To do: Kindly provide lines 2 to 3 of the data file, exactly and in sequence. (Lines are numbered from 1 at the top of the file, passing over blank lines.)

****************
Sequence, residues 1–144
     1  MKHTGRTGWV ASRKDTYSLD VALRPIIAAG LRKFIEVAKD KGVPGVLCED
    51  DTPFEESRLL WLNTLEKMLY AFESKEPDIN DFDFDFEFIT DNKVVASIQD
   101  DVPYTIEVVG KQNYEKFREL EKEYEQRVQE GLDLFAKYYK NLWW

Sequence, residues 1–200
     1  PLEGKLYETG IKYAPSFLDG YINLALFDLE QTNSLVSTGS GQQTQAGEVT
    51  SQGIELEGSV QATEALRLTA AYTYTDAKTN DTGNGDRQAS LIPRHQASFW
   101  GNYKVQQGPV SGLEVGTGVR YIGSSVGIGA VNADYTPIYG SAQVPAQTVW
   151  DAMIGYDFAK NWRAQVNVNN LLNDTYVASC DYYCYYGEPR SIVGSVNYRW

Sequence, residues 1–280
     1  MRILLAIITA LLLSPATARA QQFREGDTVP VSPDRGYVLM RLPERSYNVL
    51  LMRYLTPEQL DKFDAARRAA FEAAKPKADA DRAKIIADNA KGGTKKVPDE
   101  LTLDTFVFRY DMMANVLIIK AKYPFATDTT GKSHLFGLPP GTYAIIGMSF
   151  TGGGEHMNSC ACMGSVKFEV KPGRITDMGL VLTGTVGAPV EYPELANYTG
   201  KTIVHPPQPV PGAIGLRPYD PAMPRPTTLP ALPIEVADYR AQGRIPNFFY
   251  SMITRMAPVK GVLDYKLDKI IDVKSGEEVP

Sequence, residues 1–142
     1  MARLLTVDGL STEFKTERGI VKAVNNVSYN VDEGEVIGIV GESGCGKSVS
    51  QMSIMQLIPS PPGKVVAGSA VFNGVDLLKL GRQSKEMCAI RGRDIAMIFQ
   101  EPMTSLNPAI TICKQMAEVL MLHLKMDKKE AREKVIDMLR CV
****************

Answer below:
     1  MKHTGRTGWV ASRKDTYSLD VALRPIIAAG LRKFIEVAKD KGVPGVLCED
    51  DTPFEESRLL WLNTLEKMLY AFESKEPDIN DFDFDFEFIT DNKVVASIQD